Microsoft.CostManagement/exports/*

You can also have multiple wildcards in a string. For example, the following string represents all query permissions for Cost Management.

Microsoft.CostManagement/*/query/*

Steps to create a custom role

To create a custom role, here are basics steps you should follow.

  1. Decide how you want to create the custom role.

    You can create custom roles using Azure portal, Azure PowerShell, Azure CLI, or the REST API.

  2. Determine the permissions you need.

    When you create a custom role, you need to know the operations that are available to define your permissions. To view the list of operations, see the Azure Resource Manager resource provider operations. You will add the operations to the Actions or NotActions properties of the role definition. If you have data operations, you will add those to the DataActions or NotDataActions properties.

  3. Create the custom role.

    Typically, you start with an existing built-in role and then modify it for your needs. The easiest way is to use the Azure portal. For steps on how to create a custom role using the Azure portal, see Create or update Azure custom roles using the Azure portal.

  4. Test the custom role.

    Once you have your custom role, you have to test it to verify that it works as you expect. If you need to make adjustments later, you can update the custom role.

Who can create, delete, update, or view a custom role

Just like built-in roles, the AssignableScopes property specifies the scopes that the role is available for assignment. The AssignableScopes property for a custom role also controls who can create, delete, update, or view the custom role.

Task Operation Description
Create/delete a custom role Microsoft.Authorization/ roleDefinitions/write Users that are granted this operation on all the AssignableScopes of the custom role can create (or delete) custom roles for use in those scopes. For example, Owners and User Access Administrators of management groups, subscriptions, and resource groups.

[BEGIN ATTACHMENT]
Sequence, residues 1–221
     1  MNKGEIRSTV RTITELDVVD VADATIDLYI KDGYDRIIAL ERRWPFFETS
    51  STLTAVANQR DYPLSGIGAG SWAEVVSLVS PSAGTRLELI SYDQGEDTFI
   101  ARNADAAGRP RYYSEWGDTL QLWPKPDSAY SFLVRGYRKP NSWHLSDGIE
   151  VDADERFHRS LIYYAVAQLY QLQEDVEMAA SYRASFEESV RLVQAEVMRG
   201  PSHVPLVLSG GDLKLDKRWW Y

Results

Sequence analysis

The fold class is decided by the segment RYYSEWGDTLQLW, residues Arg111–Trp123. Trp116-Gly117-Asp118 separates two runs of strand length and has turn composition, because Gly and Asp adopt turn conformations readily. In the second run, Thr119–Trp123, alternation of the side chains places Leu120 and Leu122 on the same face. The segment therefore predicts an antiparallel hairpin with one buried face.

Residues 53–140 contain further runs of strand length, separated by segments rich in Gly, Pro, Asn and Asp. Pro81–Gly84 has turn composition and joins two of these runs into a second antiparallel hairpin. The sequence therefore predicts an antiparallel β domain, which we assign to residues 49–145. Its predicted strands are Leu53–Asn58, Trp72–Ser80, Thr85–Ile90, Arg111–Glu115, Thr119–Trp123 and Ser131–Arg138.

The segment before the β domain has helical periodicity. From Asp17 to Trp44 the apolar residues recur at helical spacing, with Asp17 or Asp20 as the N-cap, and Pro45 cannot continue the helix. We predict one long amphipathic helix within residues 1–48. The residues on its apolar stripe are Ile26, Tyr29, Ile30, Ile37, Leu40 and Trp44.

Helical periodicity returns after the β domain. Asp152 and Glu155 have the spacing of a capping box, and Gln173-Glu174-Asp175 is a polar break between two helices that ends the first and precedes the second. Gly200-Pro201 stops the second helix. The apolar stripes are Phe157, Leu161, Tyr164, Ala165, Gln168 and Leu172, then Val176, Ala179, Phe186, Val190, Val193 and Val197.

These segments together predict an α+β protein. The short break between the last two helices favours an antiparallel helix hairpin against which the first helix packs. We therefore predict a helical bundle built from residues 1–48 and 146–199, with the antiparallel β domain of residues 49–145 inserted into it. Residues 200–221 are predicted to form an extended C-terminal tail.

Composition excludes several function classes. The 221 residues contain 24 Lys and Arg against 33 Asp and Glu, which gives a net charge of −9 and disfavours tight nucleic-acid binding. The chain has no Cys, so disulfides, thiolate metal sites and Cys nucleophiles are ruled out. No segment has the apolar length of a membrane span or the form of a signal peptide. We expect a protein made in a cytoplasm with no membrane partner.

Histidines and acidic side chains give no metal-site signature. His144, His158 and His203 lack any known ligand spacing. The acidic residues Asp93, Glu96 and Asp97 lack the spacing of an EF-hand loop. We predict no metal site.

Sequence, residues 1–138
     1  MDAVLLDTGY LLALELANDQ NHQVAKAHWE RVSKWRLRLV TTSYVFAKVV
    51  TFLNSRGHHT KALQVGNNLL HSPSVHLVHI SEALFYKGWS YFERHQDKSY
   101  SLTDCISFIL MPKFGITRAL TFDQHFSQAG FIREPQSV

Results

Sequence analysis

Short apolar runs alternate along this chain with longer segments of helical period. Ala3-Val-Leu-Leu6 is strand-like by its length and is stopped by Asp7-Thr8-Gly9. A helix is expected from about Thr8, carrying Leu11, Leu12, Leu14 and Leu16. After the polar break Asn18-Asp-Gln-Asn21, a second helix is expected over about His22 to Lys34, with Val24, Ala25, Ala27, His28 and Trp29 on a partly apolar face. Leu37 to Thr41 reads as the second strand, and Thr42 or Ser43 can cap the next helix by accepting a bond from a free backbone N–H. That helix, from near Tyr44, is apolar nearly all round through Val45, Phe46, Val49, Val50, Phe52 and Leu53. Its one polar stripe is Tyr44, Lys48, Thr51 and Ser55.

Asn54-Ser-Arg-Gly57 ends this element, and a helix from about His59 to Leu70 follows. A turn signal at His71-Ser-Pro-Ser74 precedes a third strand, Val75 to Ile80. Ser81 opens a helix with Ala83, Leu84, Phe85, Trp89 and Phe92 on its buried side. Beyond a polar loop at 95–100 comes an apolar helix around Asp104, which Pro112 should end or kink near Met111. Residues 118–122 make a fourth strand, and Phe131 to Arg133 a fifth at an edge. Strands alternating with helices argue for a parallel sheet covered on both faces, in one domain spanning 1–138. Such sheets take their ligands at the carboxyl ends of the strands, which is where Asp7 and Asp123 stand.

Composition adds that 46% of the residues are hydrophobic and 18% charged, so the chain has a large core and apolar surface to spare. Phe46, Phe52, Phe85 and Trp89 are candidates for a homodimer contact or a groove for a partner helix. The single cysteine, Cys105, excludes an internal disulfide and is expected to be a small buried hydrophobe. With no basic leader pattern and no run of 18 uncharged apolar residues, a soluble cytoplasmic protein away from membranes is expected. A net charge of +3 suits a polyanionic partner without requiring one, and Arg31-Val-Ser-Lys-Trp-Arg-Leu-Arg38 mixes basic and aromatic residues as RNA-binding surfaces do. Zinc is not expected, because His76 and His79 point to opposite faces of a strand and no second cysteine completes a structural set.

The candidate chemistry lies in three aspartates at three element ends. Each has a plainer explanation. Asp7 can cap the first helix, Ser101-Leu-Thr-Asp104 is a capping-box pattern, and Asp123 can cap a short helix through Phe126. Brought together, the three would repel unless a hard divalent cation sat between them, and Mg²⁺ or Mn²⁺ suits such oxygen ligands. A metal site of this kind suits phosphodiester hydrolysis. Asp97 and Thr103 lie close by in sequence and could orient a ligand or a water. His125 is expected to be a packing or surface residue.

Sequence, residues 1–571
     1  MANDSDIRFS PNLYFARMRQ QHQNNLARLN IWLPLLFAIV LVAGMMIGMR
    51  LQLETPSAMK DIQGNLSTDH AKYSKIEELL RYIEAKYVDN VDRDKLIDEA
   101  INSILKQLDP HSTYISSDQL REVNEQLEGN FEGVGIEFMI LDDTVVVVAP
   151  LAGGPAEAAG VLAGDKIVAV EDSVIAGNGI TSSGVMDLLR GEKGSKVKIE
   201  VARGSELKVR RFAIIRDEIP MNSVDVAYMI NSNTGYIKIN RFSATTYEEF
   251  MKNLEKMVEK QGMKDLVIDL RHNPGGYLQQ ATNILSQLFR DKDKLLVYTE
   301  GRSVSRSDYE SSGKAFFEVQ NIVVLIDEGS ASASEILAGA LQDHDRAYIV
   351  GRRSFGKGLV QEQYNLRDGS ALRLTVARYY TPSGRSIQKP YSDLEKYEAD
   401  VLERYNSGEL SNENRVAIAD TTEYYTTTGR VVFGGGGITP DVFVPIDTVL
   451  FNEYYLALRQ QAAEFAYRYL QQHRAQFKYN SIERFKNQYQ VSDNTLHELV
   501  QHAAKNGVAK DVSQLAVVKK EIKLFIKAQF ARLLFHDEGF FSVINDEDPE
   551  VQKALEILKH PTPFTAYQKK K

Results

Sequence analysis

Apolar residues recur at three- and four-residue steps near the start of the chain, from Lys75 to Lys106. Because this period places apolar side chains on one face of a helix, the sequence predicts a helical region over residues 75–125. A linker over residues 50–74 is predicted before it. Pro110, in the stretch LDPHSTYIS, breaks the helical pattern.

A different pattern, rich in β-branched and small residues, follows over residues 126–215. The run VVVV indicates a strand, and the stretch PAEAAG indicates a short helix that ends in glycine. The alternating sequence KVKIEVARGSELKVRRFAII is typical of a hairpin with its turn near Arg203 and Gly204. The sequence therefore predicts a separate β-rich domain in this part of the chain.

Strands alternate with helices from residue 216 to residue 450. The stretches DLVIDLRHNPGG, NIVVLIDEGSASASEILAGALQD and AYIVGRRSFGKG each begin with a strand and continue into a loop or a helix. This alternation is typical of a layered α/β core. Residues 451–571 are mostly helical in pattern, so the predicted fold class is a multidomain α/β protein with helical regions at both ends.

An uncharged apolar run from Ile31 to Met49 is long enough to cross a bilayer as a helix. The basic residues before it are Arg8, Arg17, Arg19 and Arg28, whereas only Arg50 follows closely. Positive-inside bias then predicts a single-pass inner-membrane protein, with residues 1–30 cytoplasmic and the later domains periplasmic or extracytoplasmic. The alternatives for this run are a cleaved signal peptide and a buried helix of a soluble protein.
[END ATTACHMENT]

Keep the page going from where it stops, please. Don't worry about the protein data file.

Update a custom role Microsoft.Authorization/ roleDefinitions/write Users that are granted this operation on all the AssignableScopes of the custom role can update custom roles in those scopes. For example, Owners and User Access Administrators of management groups, subscriptions, and resource groups.
View a custom role Microsoft.Authorization/ roleDefinitions/read Users that are granted this operation at a scope can view the custom roles that are available for assignment at that scope. All built-in roles allow custom roles to be available for assignment.

Custom role limits

The following list describes the limits for custom roles.

  • Each directory can have up to 5000 custom roles.
  • Azure Germany and Azure China 21Vianet can have up to 2000 custom roles for each directory.
  • You cannot set AssignableScopes to the root scope ("/").
  • You can only define one management group in AssignableScopes of a custom role. Adding a management group to AssignableScopes is currently in preview.
  • Custom roles with DataActions cannot be assigned at the management group scope.
  • Azure Resource Manager doesn't validate the management group's existence in the role definition's assignable scope.